Benefits Of Having A Bachelor Of Science In Nursing (BSN) Degree

While multiple paths to a nursing career exist, the long-term benefits of earning a Bachelor of Science in Nursing (BSN) degree are proven and numerous.

Unlike what you’ll learn in an associate degree program, a BSN degree program such as ABSN@UST covers a wider range of nursing topics, taking a deeper dive into research, management and community health. With a BSN, you’ll also stand to gain more:


In its 2010 report called “The Future of Nursing”, the Institute of Medicine recommended increasing the number of BSN holders in the U.S. workforce from 50 to 80 percent by 2020. That goal was not met, but the report did have a lasting impact. Since then, healthcare employers have been making an even greater effort to hire BSN-educated nurses, showing a strong preference for job candidates with this level of education over candidates educated at the associate degree level. Some employers eager to achieve Magnet status have even taken this preference a step further and are now requiring a BSN as a minimum qualification for nursing jobs.


Leaders in the healthcare field continue to recognize the vital role BSN-educated nurses play in improving patient outcomes, empowering them to make more critical care decisions than ever before.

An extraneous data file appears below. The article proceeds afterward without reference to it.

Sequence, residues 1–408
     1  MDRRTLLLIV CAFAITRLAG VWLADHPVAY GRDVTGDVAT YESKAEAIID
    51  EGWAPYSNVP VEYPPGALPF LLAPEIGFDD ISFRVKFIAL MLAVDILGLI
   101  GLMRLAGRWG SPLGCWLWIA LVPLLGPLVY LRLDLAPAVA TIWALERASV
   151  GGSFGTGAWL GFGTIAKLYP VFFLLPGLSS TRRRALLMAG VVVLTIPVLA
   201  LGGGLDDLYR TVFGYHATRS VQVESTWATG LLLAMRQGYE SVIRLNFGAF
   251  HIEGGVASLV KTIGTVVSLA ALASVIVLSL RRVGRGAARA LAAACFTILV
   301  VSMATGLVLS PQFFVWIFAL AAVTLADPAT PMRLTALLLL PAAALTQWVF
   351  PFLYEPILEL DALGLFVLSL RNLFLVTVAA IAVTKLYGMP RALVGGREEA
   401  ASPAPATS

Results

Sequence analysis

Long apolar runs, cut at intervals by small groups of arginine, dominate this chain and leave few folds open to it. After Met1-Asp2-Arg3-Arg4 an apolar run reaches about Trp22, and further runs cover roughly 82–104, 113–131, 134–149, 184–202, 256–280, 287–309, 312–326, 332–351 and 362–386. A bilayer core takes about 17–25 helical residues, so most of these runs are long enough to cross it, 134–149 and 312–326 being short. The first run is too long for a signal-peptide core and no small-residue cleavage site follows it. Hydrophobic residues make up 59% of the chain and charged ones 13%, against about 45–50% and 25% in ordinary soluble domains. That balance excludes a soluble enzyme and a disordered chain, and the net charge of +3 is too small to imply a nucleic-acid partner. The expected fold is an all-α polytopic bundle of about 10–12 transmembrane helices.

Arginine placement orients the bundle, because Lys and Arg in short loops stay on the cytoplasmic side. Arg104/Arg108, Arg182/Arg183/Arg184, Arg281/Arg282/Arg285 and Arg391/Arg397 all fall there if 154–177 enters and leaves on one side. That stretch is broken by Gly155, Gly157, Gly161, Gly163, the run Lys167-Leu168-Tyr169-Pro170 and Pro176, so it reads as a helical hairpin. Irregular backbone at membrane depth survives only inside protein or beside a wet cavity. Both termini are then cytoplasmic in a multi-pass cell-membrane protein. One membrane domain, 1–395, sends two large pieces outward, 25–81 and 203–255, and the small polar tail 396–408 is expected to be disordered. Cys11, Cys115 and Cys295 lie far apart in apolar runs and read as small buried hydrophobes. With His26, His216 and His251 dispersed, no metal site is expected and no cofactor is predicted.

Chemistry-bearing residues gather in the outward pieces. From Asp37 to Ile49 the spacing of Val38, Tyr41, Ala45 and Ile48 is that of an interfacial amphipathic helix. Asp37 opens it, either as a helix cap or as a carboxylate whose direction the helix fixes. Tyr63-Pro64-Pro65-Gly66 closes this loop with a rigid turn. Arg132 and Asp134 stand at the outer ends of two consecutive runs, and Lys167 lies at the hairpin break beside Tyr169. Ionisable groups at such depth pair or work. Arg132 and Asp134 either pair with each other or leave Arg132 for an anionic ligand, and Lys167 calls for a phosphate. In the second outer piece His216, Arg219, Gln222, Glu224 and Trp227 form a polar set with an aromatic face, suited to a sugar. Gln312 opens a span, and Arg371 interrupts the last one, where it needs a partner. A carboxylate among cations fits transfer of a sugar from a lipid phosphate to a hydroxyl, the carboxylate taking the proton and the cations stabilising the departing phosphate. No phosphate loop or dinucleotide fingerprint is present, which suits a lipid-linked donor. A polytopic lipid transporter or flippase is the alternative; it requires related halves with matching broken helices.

This is because BSN degree programs go beyond associate degree level education, instructing students on developing key critical thinking and leadership skills that earn them the respect of healthcare leaders.

Many studies, including an oft-cited report from the Robert Wood Johnson Foundation, also find that the more BSN-prepared nurses a hospital has on its staff, the lower its patient mortality rates and healthcare costs and the shorter its average patient stays.

Other studies also point to a connection between the greater presence of BSN-educated nurses and a lower incidence of:

  • Pressure ulcers.
  • Postoperative deep vein thrombosis.
  • Hospital-acquired infections.

Earning Potential

Demand for their skillset and the level of autonomy and trust that they enjoy, BSN-educated nurses are often able to secure higher earnings than their ADN-educated counterparts. The annual mean wage for nurses in Texas, for example, was $79,120 as of May 2021, according to the Bureau of Labor Statistics.

nurse listening to patients heartbeat

It’s also worth mentioning that a BSN degree is a stepping stone for the advanced nursing degrees required for such high-paying nursing roles as:

  • Nurse anesthetist
  • Nurse midwife
  • Nurse practitioner

Contact us to learn more about the benefits of a BSN degree in relation to your success in the nursing profession.

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